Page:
In Lewis’ view, despite serious diversions and set-backs, the convoluted evolution of free speech in the United States of America has been generally progressive. In support of this thesis, he successfully combines legal scholarship with an assessment of the social attitudes of citizens and the political ideologies of politicians. He engages in a process of contextualization that allows us to understand better both why and now the First Amendment moved forward. While it is true that there remains both a strong element of xenophobia and intolerance for “alien” political ideology, religious belief and sexual expression in the USA, it cannot be denied that there is also a robust streak of irreverence that can occasionally be transformed into courageous and principled opposition to injustice and repressionboth domestic and foreign.
In the process of solidifying and sometimes expanding freedom of speech in the United States, the judiciary has played an important part. The US civil rights movement, for example, was encouraged by the Supreme Court’s decision (Brown v. Board of Education, 1954) and women’s reproductive rights were advanced (Roe v. Wade, 1973) in decisions that were arguably ahead of conventional political and public opinion. To write the heroic history of these events and trends, few bring the talents, experience and expertise of Anthony Lewis. He is a formidable constitutional law expert, a civil rights advocate and one of the most compelling and erudite journalists currently writing on legal matters. A previous book, Gideon’s Trumpet (1964), was a forceful account of the way in which American citizens won the right to legal counsel, whether or not they could afford to pay for one (a refrain repeated nightly on television programs such as Law and Order). He has also been duly rewarded with Pulitzer Prizes for journalism in 1955 and 1963 for his work as a practicing newspaper writer. Within the American academy, he has taught the reporter’s craft at Columbia University’s Graduate School of Journalism since the mid-1970s, and was a lecturer at Harvard for fifteen years.
Lewis’ book is not without its faults … for those who choose to find them. His tone is passionate, but some think it is overly effusive and almost hagiographic. He plainly sees Supreme Court judges as heroes in the defence of free speech, but some critics claim that they came rather late to this position. Since most of the major cases cementing First Amendment Rights were heard in the twentieth-century, they churlishly ask why the court had been all but silent on the issue for over a century, when its voice might have been more profitably heard. Others take him to task for being insufficiently concerned about the future, citing impending squabbles between corporate Internet providers and private citizens as the coming focus of free speech controversies. This last, I believe, is especially specious, for Lewis was addressing the evolution of the First Amendment, not speculating about its future. My own concern is that Lewis may be too hopeful that the line of progressive growth in American freedom will continue as before. To me, it very much depends on which honourable judges occupy the famous nine seats. Had Barack Obama’s rhetoric of hope not prevailed over Sarah Palin’s rhetoric of … whatever it was, then John McCain could have sealed the Court in the mold of Clarence Thomas and Antonin Scalia for the foreseeable future. Already awkwardly tilted to the right, past victories for liberty could easily have been overturned and progress brought to a halt.So, it is relatively safe to applaud Mr. Lewis and to rejoice in his optimism, for the time being. Meanwhile, citizens in other representative democracies would do well to reflect on American history, compare it to their own and perhaps chart a course for the entrenchment of existing freedoms and the enlargement of liberties in the future.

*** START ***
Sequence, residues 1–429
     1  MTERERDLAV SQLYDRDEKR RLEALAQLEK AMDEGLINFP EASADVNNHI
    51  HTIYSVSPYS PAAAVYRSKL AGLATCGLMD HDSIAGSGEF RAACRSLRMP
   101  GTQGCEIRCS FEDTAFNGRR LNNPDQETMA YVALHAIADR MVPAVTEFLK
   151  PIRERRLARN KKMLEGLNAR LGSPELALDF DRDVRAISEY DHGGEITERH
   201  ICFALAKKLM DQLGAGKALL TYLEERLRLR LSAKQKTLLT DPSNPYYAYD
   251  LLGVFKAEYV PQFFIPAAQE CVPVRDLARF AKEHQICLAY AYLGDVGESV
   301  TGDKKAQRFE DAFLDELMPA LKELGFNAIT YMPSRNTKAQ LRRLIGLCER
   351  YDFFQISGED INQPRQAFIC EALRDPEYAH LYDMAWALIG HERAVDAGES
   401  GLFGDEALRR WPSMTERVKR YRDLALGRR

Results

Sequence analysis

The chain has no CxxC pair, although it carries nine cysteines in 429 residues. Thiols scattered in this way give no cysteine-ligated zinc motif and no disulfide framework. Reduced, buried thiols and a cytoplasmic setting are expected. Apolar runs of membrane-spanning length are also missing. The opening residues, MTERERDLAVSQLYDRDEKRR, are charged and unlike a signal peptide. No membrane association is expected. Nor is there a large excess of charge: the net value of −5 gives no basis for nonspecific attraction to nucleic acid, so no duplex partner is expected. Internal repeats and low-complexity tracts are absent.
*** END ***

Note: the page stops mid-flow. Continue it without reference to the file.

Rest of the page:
Howard A. Doughty teaches in the Faculty of Applied Arts and Health Sciences at Seneca College in King City, Ontario. He can be reached at email@example.com
The views expressed by the authors are those of the authors and do not necessarily reflect those of The College Quarterly or of Seneca College.